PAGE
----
I also know canaries who are hopping mad at the growing divide between the rich and poor, and who were chirping about it six years ago when some statisticians – this canary can name them – were still saying the figures weren’t showing any widening of the gap.

Some of us canaries even dare to wonder how it is that a country of such mineral wealth, which has only 22 million or so people, still can’t manage to house them all, feed them all good diets, keep them all in good schools, ensure their good health, and, when we encourage more into the country, do the same for them too. Do the maths. How hard can it be?

So while Frog Glover is busy choosing his bath-salts and laying out the fluffy towels for all his froggy friends, here we canaries are: stuck, swaying on our perches, but doing our best to sound the alert.

Just as well we got our glasses refilled.


A few months ago, I pestered the patient and clever stand-in literary editor at The Sydney Morning Herald, Marc McEvoy to be allowed to do a short review of two new books about women getting ahead.

Then – very unlike me – I didn’t do it. I don’t think Marc was panting for the copy but still.

The reason I never filed, sloping off instead to that hazy realm to which all journalists can sometimes vanish if not chained by the neck to a whiplash deadline, was because I realised the world could do without another 600 words from me on working women and their woes.

And Marc certainly didn’t need to waste his budget shelling out for them.

One of the books Dreamers of a New Day – Women Who Invented the Twentieth Century by British author Sheila Rowbotham is a solid and detailed history. An excellent reference book.

The other, The Female Leadership Paradox Power, Performance, and Promotion by Mirella Visser had a hard-nosedness that was unsavoury. Early on, Visser counsels her female readers to learn the art of the “schwalbe” which, according to her, might mean feeding undermining information confidentially about a fellow colleague who has a job you want for yourself.


Funnily enough though, just as I’d put down the latter book, a Sydney Institute member, Jenny Towndrow, sent me a copy of A Diary of The Lady – My First Year as Editor by Rachel Johnson (sister of London mayor Boris Johnson). Reading it did more to restore my levels of optimism, good cheer and ambition than almost any other book for and about women I’ve read.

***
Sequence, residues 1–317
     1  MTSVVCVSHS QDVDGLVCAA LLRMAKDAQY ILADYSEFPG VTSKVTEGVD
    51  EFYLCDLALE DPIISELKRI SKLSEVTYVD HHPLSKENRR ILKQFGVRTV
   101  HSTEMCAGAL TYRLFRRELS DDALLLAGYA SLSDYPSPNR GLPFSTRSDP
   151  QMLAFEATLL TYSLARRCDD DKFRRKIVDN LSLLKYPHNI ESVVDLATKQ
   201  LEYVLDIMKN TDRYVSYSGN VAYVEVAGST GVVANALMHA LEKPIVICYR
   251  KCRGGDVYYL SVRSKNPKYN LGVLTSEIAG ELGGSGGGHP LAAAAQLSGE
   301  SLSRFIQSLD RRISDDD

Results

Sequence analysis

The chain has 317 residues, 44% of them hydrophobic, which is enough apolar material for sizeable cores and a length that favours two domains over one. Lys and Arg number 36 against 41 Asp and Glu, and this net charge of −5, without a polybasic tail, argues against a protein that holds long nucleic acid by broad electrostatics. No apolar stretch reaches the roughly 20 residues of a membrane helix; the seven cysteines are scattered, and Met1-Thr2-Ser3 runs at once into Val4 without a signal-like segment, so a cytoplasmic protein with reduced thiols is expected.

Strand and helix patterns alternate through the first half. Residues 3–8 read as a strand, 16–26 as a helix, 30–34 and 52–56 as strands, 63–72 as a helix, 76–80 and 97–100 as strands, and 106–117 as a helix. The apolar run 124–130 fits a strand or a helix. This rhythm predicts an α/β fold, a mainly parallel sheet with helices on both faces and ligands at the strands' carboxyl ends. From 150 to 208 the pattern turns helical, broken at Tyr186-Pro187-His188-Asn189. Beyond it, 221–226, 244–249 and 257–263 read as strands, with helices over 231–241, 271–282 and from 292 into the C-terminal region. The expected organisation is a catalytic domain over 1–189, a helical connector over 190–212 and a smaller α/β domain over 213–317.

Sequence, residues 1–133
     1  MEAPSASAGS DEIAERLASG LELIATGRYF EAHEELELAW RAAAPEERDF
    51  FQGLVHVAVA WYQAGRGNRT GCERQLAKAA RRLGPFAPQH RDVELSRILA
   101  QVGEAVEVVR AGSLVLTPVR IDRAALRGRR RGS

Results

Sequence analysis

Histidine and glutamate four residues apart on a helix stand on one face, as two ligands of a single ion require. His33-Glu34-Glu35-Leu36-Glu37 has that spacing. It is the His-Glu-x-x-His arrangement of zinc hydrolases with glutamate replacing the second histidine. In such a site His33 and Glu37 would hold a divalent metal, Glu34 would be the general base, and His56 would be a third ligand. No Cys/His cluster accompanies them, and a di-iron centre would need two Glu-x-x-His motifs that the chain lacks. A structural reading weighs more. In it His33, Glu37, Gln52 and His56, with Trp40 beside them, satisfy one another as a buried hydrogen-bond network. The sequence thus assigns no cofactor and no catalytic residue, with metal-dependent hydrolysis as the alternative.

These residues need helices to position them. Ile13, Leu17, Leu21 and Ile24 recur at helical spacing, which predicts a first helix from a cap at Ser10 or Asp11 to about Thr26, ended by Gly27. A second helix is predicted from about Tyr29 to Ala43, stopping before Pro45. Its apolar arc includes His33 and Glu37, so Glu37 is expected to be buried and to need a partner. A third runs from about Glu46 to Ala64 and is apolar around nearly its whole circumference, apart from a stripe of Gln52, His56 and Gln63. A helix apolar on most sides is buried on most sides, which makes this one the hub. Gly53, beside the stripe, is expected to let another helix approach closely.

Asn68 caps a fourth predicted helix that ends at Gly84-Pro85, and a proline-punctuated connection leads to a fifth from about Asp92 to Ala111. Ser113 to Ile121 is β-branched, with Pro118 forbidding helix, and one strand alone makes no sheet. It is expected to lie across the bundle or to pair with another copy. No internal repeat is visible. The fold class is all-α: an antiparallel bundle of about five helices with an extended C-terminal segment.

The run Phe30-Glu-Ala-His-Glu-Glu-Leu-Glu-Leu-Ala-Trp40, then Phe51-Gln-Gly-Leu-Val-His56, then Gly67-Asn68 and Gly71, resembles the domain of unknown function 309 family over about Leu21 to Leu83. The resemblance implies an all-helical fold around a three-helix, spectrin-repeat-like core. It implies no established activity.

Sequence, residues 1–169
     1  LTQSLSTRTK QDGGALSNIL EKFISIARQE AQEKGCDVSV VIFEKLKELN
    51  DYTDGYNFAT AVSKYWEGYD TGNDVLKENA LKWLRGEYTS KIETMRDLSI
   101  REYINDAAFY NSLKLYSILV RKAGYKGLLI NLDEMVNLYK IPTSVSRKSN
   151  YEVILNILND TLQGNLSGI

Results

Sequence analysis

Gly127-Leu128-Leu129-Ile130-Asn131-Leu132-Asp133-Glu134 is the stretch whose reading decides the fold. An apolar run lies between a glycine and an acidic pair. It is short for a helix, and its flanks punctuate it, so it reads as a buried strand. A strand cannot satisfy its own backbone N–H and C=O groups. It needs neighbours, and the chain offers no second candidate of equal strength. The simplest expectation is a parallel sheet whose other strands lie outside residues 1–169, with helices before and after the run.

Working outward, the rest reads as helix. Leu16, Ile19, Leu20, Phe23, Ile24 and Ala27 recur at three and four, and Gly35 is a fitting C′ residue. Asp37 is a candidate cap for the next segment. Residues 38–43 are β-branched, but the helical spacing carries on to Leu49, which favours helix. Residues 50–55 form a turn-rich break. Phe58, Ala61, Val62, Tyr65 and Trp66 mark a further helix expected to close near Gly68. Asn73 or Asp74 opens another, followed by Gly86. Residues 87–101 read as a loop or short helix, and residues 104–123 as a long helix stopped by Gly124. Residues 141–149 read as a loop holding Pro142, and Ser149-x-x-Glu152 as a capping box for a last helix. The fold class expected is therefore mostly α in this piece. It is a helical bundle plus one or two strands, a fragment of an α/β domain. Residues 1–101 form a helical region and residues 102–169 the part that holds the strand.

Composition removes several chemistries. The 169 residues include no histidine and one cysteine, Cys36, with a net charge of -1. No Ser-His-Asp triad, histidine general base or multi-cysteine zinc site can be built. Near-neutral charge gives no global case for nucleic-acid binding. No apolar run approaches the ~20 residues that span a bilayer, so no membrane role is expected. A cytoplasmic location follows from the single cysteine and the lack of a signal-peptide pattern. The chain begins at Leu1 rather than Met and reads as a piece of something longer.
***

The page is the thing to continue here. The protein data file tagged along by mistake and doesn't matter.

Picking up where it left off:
In June, Daphne Guinness reviewed it for McEvoy’s pages and commented on the spite that had surrounded the book’s publication in London. Johnson was accused by her London colleagues of “bolstering her me-me-me ego”.

Guinness responded tartly: “It’s her first year editing The Lady, at 125 the world’s oldest women’s weekly magazine … so of course it’s about her-her-her – who else would it be?”

Johnson is egotistical, irrepressible and scatty. The book, published by Penguin in Britain, seems to have been copy-edited by someone equally as distracted: time sequences don’t follow; good lines are repeated. But still.

As she tries to revamp The Lady, for the twenty-first century – “more hip, less hip replacement” – Johnson is followed by a team from Channel Four, who film her every mistake and unwise quip.

When Joan Collins comes for tea, hoping to write for the magazine, Johnson writes blithely of having to later chip the actor’s lipstick off the side of the tea-cup.

She is rude about almost everyone, including herself, saying a press photo makes her look like the lost love-child of Bjorn Borg and [moors murderer] Myra Hindley. She does too. Imagine Boris with longer hair.

The diary is shocking, hilarious, uplifting and left me feeling empowered as the sisterhood likes to say …

With her cheeriness about mistakes, disasters and cock-ups, and her sweep that can imagine no barrier to her ambitions, Johnson reminds me of nothing so much as a very confident man.  Every woman should read it.


And maybe this is where it all went wrong anyhow …